After playing a tough semifinal game against the Carleton Ravens the day before, the Tigers had to quickly regroup, but they didn’t have enough energy to sustain their pace.
“I think we ran out of gas a little bit but that is no excuse,” said Dal’s Head Coach Rick Plato.
Their defence was also working well as they protected against drives to the hoop and out-rebounded the Rams 15-8, but many late fouls by Dal allowed Ryerson to pull even as the first quarter ended 14-14.
Low on gas
Dal came out slow in the second quarter as they turned the ball over seven times. Ryerson scored and gained momentum.
The Tigers had opportunities to take control of the game, but every basket was quickly countered by Ryerson. Jordan Wilson drew a foul by driving to the basket and sunk the free throw to make it a three-point play, but on the next
Dal came out aggressive in the third quarter and drew five team fouls on the Rams within the first four minutes. Dal stopped attacking the rim after that and couldn’t get free throws to cut down the lead.
They were held to just 12 points as they struggled to get open looks at the hoop and hit their shots. Their two-point
For the second day in a row Sascha Kappos was named Dal’s player of the game. He had 15 points, including a monster slam dunk late in the third quarter off of a pass from Jordan Brathwaite at the top of the arch.
Vujadinovic drained a three-pointer right at the buzzer to put the Rams up 62-44 at the end of the third quarter.
The Rams’ experience allowed them to remain hot in the fourth quarter as they shot 61.5 per cent from the two-point range and 75 per cent from three.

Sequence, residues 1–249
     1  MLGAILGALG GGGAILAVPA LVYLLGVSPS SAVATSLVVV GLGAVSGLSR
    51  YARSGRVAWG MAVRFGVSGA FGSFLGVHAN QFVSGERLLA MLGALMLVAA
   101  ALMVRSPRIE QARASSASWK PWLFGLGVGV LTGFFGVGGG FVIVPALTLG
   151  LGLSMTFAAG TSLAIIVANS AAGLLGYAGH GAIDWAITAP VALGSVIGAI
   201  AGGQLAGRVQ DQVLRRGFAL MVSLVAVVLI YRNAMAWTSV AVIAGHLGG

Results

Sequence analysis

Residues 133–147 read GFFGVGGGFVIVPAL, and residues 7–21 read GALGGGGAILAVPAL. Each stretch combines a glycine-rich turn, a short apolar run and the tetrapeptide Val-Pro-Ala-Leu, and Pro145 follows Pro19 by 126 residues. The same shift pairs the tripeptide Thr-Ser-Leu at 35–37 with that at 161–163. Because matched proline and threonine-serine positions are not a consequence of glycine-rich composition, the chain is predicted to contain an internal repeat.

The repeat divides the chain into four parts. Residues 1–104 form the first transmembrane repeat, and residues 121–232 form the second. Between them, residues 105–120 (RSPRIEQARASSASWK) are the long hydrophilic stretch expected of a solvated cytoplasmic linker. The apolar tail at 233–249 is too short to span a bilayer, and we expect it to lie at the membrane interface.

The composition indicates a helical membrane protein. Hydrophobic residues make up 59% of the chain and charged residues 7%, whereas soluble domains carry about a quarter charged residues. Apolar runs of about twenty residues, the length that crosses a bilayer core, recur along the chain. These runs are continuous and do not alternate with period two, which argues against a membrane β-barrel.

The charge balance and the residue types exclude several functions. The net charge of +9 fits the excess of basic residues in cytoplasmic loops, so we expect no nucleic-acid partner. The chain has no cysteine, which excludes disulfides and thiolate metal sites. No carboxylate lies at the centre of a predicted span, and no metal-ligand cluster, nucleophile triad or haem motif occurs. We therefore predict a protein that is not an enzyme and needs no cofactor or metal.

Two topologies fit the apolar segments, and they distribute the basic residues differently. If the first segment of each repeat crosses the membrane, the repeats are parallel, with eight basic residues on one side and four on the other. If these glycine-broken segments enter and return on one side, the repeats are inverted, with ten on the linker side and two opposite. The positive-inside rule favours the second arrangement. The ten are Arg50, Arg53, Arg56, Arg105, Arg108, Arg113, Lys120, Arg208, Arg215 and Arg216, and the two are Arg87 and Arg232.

The Tigers battled right to the end of the game and tied Ryerson for fourth quarter points at 22 each. The win, however, was out of reach as the Rams took the game 84-66 to get the bronze medal.
“I thought we just played together, we played with
For a young Dal team, the experience of playing at the national tournament – and losing – will be valuable for their leadership group moving forward, especially for second-year guard Keevan Veinot. Veinot emerged as the team’s general on the floor and was arguably Dal’s best player in the playoffs.
He averaged 11 points, 6.3 assists,
“Keevan has got work to do, but Keevan has got talent,” said Plato. “I think as good as he is now he’s going to be much better … but he is the leader of this team for sure.”
“Last time I wore the jersey, I’m going to reminisce on the times we had with the team, the championships we won and all the fun times,” said Sanogo. “It’s hard on my emotions right now, but it’s another chapter in life and we got to move on.”
His tenacity will be missed at Dal.
“If you are ever in a bar fight, you want to have [Sanogo] on your side because to beat him you’ll have to kill him. He just never gives up,” said Plato. “We are going to miss Cedric and the intensity that no player had.”
After starting their regular season with a record of 6-6, the Tigers played their best basketball at the end of the year, winning 12 straight games and the AUS championships before losing to Carleton in the Final 8 semi-finals.
“I think a lot of guys counted us out,” said Shoveller, who played four years at the Queen’s University before coming to Dal. “But the guys hunkered down and got together as a group […] I am really proud of how far we have come.”